Apprenticeships and Skills Policy — [Sir David Amess in the Chair]

Part of the debate – in Westminster Hall at 3:24 pm on 8th January 2019.

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Photo of Hugh Gaffney Hugh Gaffney Labour, Coatbridge, Chryston and Bellshill 3:24 pm, 8th January 2019

I am grateful to be called to speak in this important debate, Sir David, and I congratulate my hon. Friend Judith Cummins on securing it.

As Members may be aware, the Scottish Government are responsible for apprenticeships and skills development policy in Scotland, but I will link my remarks to the UK. For young people who do not want to go into further or higher education, apprenticeships are a vital means to secure the skills and work experience needed in later life. As the economy continues to change, skills development opportunities become increasingly important for the reskilling and upskilling of workers. Therefore, it is vital that we get our policy on apprenticeships and skills development right, so that we cannot only help young people succeed, but encourage lifelong learning—something that I did through the trade union movement in the Post Office.

I was concerned about recent statistics about modern apprenticeships from Skills Development Scotland. Apprenticeships should be accessible to those who need them, but those statistics, covering the period April to September 2018, show that there are still issues to overcome. There is still a clear gap between men and women in the uptake of modern apprenticeships. In Scotland, only 35% of modern apprentices during the period in question were women. That is in direct contrast to the experience in England where in 2016-17 54% of apprenticeships were undertaken by women. In England, the number of apprenticeships started by women has been higher than the number started by men every year since 2010-11. Individuals from ethnic minority backgrounds were just 2.1% of modern apprentices in Scotland while the equivalent rate in England stood at 11.3%, in 2016-17.

We often hear of the difficulties that young people whose backgrounds involve experience of care have with educational attainment and securing employment. That is why it is particularly disheartening to me that just 1.7% of modern apprentices in Scotland come from such backgrounds. With 13% of modern apprentices self-identifying as having a disability or learning difficulty, it is clear that there is still much to do in Scotland to ensure that modern apprenticeships are accessible and that they reflect our country.

Skills Development Scotland has confirmed that achievement rates fell by 3% in quarter 2 of 2018 when compared with quarter 2 of 2017. Achievement rates have fallen for modern apprenticeships regardless of the participants’ age, but I am particularly concerned about the 4% drop among modern apprentices aged 16 to 19. Those young people are the future of our country, and we should not be letting them down in that way. Redundancies among modern apprentices were disproportionately concentrated in the construction sector, and made up 83% of all redundancies. It is particularly disappointing that there has been a fall in achievement rates given that there was an increase of more than 10,000 in the number of achievements in apprenticeships in England in 2016-17. In fact, it was the highest volume of achievements in any academic year. Because of the funding changes introduced by the UK Government, the number of apprenticeships started in England has started to fall. If the Scottish Government cannot tackle the issues relating to access and achievement, I fear that the number of apprenticeships in Scotland could suffer a similar decline.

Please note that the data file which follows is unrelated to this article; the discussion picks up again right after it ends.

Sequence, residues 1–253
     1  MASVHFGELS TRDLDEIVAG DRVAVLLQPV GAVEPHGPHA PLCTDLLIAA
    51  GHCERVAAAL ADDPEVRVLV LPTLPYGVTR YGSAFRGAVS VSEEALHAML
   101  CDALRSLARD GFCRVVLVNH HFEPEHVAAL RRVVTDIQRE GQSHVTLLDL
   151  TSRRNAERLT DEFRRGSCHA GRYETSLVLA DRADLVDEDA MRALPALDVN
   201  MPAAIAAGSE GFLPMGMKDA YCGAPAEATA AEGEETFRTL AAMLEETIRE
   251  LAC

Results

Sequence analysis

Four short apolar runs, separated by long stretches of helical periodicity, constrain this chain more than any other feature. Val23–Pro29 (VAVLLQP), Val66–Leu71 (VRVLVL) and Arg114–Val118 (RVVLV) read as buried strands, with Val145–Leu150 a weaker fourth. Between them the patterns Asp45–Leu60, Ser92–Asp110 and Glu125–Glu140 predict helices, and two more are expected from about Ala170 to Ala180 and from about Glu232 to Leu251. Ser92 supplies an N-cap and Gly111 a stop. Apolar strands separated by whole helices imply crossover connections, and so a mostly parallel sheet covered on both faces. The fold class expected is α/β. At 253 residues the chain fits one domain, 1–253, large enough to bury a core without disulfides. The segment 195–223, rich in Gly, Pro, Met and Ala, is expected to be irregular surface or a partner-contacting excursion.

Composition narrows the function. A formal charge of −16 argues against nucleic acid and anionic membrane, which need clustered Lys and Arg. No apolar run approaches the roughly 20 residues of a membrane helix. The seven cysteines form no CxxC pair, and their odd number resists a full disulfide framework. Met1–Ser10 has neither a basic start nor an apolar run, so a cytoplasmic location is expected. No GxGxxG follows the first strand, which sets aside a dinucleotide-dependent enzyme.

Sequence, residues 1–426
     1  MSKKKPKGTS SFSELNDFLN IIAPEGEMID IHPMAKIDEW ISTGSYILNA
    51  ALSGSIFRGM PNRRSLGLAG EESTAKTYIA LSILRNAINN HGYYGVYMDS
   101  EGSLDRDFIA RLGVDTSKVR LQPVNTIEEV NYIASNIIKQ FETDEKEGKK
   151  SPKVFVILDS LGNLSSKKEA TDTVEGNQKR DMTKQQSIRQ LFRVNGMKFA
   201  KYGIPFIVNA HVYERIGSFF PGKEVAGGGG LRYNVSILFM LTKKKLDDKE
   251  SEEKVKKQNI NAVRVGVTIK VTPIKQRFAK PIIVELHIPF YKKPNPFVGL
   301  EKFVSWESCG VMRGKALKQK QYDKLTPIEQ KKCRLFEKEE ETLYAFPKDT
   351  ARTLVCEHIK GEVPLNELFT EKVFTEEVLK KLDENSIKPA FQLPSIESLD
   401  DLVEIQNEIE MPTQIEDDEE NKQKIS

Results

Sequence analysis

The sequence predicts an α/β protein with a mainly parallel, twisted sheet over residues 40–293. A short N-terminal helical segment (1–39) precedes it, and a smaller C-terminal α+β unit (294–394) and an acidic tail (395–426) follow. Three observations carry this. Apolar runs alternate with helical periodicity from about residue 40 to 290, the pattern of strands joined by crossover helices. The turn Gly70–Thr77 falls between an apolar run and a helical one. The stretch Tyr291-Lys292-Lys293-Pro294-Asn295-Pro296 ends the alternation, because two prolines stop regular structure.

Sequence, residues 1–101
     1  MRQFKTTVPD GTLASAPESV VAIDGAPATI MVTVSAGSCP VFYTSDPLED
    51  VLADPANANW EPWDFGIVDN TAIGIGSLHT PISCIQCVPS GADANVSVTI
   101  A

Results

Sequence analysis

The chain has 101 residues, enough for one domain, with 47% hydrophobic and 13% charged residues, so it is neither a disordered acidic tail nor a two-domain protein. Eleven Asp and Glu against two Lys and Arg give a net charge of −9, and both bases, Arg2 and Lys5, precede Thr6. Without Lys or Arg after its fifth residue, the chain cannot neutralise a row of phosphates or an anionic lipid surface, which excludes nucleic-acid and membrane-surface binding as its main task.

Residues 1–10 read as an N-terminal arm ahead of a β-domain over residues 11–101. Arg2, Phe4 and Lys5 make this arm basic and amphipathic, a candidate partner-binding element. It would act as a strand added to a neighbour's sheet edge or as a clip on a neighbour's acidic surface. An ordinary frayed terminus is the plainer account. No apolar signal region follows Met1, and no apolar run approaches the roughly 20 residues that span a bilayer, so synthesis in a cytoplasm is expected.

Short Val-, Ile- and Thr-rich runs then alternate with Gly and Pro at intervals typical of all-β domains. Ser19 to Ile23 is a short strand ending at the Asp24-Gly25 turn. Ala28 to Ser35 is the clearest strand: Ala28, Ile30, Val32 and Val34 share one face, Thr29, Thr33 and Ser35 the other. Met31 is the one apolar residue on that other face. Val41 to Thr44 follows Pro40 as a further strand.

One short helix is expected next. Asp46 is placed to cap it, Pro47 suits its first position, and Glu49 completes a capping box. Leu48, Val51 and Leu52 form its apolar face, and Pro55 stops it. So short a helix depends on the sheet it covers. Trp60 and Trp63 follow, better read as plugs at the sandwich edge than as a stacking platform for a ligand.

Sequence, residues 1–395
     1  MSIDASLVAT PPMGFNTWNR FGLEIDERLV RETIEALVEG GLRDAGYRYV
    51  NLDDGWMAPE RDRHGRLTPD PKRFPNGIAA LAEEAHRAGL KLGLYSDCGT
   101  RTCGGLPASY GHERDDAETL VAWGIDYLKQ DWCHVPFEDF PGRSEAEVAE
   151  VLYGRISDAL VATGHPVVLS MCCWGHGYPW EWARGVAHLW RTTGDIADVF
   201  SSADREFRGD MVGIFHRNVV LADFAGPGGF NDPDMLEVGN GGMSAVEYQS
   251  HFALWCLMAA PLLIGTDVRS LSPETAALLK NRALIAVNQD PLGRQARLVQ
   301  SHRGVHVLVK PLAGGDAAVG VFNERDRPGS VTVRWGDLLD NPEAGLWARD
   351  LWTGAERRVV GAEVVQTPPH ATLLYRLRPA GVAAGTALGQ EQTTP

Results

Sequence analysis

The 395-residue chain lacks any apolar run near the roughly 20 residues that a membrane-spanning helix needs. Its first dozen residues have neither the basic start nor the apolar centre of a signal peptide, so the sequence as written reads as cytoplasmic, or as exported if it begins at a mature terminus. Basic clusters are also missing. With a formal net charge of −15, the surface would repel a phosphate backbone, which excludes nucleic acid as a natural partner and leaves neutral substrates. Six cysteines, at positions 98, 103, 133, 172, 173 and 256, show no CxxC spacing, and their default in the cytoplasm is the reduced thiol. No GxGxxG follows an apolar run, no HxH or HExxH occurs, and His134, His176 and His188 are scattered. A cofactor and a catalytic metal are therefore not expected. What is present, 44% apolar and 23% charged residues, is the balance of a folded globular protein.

In my area, North Lanarkshire, we have the second highest rate of modern apprenticeships in Scotland and almost 10% of all the female modern apprentices in Scotland, although there is still more progress to be made. I am proud of the fact that Labour-led North Lanarkshire Council’s modern apprenticeship programme offers a wide range of opportunities. Apprenticeships can be undertaken in areas ranging from community arts to social services, enabling young people to develop vital skills for a successful future. As a North Lanarkshire councillor and a Member of Parliament, I am proud of our modern apprenticeship programme and will continue to ensure that it delivers for young people in our community, and helps others across the whole UK.